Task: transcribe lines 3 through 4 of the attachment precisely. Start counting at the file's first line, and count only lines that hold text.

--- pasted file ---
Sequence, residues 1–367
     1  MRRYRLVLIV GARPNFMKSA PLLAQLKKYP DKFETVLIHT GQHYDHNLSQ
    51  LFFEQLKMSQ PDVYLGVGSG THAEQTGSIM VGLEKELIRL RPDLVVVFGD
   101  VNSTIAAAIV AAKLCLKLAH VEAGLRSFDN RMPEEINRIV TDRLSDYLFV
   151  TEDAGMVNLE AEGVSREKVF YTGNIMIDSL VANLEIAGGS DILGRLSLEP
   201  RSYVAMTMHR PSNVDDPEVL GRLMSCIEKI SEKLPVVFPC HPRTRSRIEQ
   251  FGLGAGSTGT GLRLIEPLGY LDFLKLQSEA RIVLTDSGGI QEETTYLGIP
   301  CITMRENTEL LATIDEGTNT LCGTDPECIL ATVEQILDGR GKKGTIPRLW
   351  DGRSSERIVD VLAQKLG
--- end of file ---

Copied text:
    51  LFFEQLKMSQ PDVYLGVGSG THAEQTGSIM VGLEKELIRL RPDLVVVFGD
   101  VNSTIAAAIV AAKLCLKLAH VEAGLRSFDN RMPEEINRIV TDRLSDYLFV